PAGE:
The allegations contained in the first 16 paragraphs of the complaint contain no averments of fact justifying the conclusion that the plaintiff is exposed to irreparable damage for which he has no adequate remedy at law. It is not alleged that plaintiff had any unfinished business or contracts on hand at the time of the commencement of the action, nor is the character of his contemplated future business. He does not aver any inability to procure all the power he requires from sources other than the defendant, or that he is unable to procure other premises fully equipped for the carrying on of his business; and, while he concludes that he has no adequate remedy for his grievance at law, he alleges a second cause of action to recover damages resulting from the acts complained of in the first cause of action upon the basis of a breach of the contract to furnish power, which, if proven, is certainly an adequate remedy enforceable at law. Plaintiff has no right to an injunction restraining [117 N.Y.S. 503] threatened summary proceedings in the future. He alleges facts tending to show a legal defense to such proceeding, but this will not justify the relief sought. This rule is uniformly supported by the authorities, the only exception being that equity may intervene to protect a party against vexatious and oppressive litigation, after the merits have been litigated in a court of law and decided in favor of the contention of such party. Savage v. Allen, 54 N.Y. 458; Wolfe v. Burke et al., 56 N.Y. 115; Wallack v. Society, 67 N.Y. 23; Baptist Mission Society v. Potter, 20 Misc. 191, 44 N.Y.Supp. 1051; Coykendall v. Hood, 36 A.D. 558, 55 N.Y.Supp. 718.A cause of action is not alleged for the recovery of the several payments made for extra power, although paid under protest. There is no coercion or fraud alleged, and no claim that the demand was paid under a mistake of fact or law. The payments were voluntary and made with full knowledge of the existing facts, and for that reason not to be recovered back, even if the defendant had no right to compel their payment. People v. Wilmerding, 136 N.Y. 363, 374, 32 N.E. 1099; Consolidated Fruit Jar Co. v. Wisner, 103 A.D. 453, 457, 93 N.Y.Supp. 128.The plaintiff cannot recover the special damages alleged in the second cause of action, because there are no special facts alleged removing the case from the operation of the general rule that the proper measure of damages is the difference between the rental value of the premises with the power contracted for and their rental value with the power furnished. Witherbee v. Meyer, 155 N.Y. 446, 50 N.E. 58.The case of Egan v. Browne, 128 A.D. 184, 112 N.Y.Supp. 689, does not support the respondent's contention, as the case here presented is not within the rule therein declared. That case presented an action in tort for the alleged willful and malicious acts of the landlord in cutting off the tenant's steam, the tenant being unable to procure another place equipped to carry on his business, and not upon the covenant in the lease to furnish steam.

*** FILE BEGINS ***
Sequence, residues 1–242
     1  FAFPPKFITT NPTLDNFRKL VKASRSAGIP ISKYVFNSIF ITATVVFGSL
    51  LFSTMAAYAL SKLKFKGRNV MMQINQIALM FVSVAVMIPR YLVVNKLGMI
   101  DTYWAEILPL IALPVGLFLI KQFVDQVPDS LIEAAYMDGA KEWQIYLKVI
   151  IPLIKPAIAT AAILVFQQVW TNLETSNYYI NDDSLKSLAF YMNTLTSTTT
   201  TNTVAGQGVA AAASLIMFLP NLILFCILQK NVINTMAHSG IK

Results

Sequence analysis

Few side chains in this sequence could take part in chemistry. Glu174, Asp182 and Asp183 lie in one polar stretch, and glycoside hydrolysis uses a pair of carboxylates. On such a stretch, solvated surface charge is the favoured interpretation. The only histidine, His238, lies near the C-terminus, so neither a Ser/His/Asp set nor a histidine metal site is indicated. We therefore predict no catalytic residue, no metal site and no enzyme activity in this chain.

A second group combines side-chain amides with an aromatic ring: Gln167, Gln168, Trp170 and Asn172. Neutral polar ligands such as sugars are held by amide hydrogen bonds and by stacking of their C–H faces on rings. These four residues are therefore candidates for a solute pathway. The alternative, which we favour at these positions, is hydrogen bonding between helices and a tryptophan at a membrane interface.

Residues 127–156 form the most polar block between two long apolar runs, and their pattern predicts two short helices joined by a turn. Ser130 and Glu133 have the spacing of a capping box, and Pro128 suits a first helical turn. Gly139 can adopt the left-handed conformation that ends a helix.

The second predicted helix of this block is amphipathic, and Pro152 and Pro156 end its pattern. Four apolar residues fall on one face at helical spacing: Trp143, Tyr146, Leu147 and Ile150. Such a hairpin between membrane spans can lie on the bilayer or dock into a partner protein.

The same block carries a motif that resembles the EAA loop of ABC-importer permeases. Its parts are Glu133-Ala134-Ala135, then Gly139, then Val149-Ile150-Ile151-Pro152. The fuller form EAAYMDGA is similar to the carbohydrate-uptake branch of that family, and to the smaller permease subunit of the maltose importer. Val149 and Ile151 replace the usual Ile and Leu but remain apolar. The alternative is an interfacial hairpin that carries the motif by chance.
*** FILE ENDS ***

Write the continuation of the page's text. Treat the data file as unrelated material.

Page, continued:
Under the allegations of the complaint, I do not see how the plaintiff could give evidence as to the difference in rental values. Manhattan Stamping Works v. Koehler, 10 N.Y.S. 60.Even though nominal damages might be presumed to result from the alleged breach of the agreement, and upon the assumption that the complaint, although not framed upon that theory, states a good cause of action to recover such damages, the demurrer should not have been overruled. Hasbrouck v. New Paltz, Highland & Poughkeepsie Traction Co., 98 A.D. 563, 90 N.Y.Supp. 977.Nor can the ruling of the learned Special Term that the complaint is sufficient to sustain an action for specific performance, which justified the overruling of the demurrer, be sustained. The test to be applied is whether sufficient facts are alleged to sustain a judgment for the relief demanded. Plaintiff could not have judgment for specific performance; his demand being for relief by injunction. Hasbrouck v. New Paltz, etc., Traction Company, supra.
The interlocutory judgment must be reversed, with costs, and the demurrer sustained, with costs, with leave to the plaintiff to serve an amended ...